New record store openings support solid trend for vinyl


The Jimi Hendrix Experience, MCA, eight LP discs in original purple velvet covered box with 40-page booklet. Jasper52 image

EVANSVILLE, Ind. (AP) – Despite constant innovations in music streaming, vinyl records have shown real staying power over the years. Through the eras of Napster, iTunes and Spotify, older generations helped keep vinyl alive, and millennials are discovering the joy of endlessly sifting through records at a store and the experience of finding sounds of a different era.

It’s been adding momentum to a true vinyl revival. In 2019, records are poised to outsell CDs for the first time since 1986, according to the Recording Industry Association of America.

Owner Patrick Holl opened Space Monkey Records in Evansville in August and is already impressed by the community’s response. He said he’s seen customers of all ages walk through his doors.

Holl has two passions in life: music and comedy. After he retired from a 20-year career as a local DJ playing hundreds of weddings throughout the Tri-State area, the next step for Holl was to open a shop that reflected his interests.

That’s how Space Monkey Records was born. In addition to records, the store sells everything from comic books to shirts and cards with humorous musings on them, music posters, stickers and body jewelry.

When customers first walk in the store, their senses are instantly engaged. The smell of burning incense wafts through the store. Classics play over the speakers, and the walls are decorated with rock ‘n’ roll memorabilia.

Holl was inspired by nostalgia for his teenage years, when he first stepped inside FolzCity Boutique and record store.

“I’m sixteen years old and I walk in this place, and here is a store you get bombarded with the sights and the smell. There’s music playing and there’s carpet on the walls. And I had never been into a store that spoke to me,” said Holl.

“What an experience for a young person; it was just the best. I mean here was a store to me for me and my friends, it was incredible. It makes an impression on me to this very day.”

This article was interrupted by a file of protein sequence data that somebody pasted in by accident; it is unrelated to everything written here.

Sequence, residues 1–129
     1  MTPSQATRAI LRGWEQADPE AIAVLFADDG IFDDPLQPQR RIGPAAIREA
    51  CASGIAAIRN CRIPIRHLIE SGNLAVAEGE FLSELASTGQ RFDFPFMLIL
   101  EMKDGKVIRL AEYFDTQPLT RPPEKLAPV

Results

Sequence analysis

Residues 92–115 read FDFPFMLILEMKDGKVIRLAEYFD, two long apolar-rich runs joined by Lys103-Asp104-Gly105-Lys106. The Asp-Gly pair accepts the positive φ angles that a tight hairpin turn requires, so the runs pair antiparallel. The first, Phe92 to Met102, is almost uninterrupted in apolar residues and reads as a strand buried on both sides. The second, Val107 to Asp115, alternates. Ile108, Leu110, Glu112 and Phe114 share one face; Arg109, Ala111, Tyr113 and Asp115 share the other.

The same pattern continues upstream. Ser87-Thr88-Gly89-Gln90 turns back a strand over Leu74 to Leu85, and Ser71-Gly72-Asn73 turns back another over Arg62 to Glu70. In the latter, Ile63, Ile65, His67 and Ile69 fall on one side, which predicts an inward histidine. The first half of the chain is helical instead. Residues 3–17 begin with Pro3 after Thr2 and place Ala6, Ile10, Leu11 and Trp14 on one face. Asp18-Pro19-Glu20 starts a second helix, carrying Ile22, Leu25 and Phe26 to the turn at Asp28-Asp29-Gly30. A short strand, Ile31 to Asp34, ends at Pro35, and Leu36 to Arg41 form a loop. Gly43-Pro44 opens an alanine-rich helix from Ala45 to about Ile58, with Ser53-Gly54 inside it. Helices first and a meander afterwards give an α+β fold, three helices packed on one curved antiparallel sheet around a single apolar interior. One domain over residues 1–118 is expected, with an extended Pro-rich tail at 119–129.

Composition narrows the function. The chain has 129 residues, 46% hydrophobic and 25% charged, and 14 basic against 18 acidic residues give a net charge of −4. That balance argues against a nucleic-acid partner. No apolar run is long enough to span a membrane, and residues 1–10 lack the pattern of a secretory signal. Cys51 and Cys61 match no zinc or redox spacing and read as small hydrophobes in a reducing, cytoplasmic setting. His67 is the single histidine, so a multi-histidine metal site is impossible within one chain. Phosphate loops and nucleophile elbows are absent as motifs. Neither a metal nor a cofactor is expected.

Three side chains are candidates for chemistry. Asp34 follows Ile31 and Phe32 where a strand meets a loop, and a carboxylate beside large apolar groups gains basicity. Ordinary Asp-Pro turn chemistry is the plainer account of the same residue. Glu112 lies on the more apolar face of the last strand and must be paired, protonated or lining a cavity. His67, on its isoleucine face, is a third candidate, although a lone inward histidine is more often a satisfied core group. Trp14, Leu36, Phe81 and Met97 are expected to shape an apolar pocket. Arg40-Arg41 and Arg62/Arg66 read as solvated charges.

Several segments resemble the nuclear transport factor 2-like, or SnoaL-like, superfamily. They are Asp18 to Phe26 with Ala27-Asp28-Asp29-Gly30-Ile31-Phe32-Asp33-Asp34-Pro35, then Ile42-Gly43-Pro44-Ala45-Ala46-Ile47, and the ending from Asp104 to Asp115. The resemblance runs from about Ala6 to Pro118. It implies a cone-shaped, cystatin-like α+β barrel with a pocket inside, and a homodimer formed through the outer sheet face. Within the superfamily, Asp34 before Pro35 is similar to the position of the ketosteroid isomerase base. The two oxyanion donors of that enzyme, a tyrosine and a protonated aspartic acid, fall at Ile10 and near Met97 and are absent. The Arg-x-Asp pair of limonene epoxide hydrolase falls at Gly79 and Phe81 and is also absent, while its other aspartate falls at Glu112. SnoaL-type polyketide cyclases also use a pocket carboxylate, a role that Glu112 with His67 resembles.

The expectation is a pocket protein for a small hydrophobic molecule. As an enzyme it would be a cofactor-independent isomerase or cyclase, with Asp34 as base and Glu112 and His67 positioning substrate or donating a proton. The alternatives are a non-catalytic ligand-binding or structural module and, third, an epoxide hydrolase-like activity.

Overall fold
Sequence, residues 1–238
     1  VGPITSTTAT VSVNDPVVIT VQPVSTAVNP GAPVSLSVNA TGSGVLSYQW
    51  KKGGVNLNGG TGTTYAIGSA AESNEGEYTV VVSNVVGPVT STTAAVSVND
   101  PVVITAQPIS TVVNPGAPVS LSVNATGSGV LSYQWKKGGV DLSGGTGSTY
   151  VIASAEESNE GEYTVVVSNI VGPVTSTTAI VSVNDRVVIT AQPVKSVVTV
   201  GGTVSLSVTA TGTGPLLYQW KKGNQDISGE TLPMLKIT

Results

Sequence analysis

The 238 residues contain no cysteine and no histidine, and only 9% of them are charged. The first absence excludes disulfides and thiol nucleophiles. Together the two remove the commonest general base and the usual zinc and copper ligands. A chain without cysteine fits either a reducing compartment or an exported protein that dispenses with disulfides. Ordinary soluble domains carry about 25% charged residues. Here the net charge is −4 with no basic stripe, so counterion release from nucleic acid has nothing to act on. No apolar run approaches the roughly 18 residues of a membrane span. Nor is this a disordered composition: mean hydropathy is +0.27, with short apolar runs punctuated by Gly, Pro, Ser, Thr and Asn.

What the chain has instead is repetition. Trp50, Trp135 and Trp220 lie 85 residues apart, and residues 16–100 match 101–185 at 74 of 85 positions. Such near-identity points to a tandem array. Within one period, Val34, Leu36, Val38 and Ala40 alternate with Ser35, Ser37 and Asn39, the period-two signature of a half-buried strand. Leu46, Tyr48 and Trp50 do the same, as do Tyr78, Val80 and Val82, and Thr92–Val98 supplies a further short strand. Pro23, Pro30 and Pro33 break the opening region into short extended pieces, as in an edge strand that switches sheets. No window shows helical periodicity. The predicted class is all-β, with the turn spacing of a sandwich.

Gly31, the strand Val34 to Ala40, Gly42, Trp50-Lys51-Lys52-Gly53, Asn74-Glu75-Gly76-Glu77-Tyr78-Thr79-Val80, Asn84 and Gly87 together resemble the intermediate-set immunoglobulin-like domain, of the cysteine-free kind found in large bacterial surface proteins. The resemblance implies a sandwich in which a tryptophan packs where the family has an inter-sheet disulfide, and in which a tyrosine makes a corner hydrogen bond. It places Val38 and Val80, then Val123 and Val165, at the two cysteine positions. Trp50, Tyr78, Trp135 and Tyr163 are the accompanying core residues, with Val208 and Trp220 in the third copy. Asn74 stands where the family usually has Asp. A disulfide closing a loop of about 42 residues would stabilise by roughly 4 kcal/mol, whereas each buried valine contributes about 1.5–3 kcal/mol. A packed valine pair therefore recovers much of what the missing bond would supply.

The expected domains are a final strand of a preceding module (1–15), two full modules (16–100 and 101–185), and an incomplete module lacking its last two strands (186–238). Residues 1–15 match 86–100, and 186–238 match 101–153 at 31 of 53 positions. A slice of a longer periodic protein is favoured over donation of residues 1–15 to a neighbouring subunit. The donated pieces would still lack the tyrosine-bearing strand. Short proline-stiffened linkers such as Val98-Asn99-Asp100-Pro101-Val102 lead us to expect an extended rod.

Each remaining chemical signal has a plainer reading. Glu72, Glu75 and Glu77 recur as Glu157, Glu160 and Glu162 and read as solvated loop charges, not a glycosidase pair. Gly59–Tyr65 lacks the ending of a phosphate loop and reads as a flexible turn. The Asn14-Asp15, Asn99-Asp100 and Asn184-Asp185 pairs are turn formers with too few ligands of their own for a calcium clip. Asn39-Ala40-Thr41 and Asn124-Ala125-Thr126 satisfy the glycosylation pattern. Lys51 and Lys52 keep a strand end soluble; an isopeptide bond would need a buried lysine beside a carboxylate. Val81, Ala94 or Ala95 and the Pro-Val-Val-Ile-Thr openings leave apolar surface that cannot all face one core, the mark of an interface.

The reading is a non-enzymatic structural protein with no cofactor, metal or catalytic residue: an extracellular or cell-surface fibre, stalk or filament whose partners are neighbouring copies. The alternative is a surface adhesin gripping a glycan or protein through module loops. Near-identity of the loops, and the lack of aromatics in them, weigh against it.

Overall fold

FolzCity was a popular store in downtown Evansville in the 1970s run by Robert Folz who also owned Funky’s, a popular disco nightclub.

Holl wants his customers to have the same reaction he had when he first stepped foot into FolzCity.

He describes his store as being 10% museum, 10% art gallery, 10% rock ‘n’ roll shrine 70% the most awesome display of vintage vinyl records and rock n’ roll eye candy since the early days of FolzCity Boutique.

He finds unique memorabilia and music art to hang inside the store to serve an educational purpose. Often, it sparks conversations with his customers, which he loves.

“I’m just delighted with the caliber of the people who come in. They’re music enthusiasts form every creed and walk of life. They’re just music lovers,” said Holl.

“I love talking to the customers about their music interests and their travels and the musicians that they have met and the concerts that they have been to. One guy the other day was telling how he went to Liverpool to see Paul McCartney perform, and the list goes on and on. It’s just incredible.”

Holl’s favorite genre is classic rock, but he carries records of all genres in his store. Space Monkey currently stocks 75,000 vintage records and keeps adding to the collection.

Going along with the pursuit of having fun, Holl has added a large backdrop with cutouts of iconic musicians such as Prince fitted with a microphone and guitar that visitors can pose with for a photo.


Evansville Courier & Press

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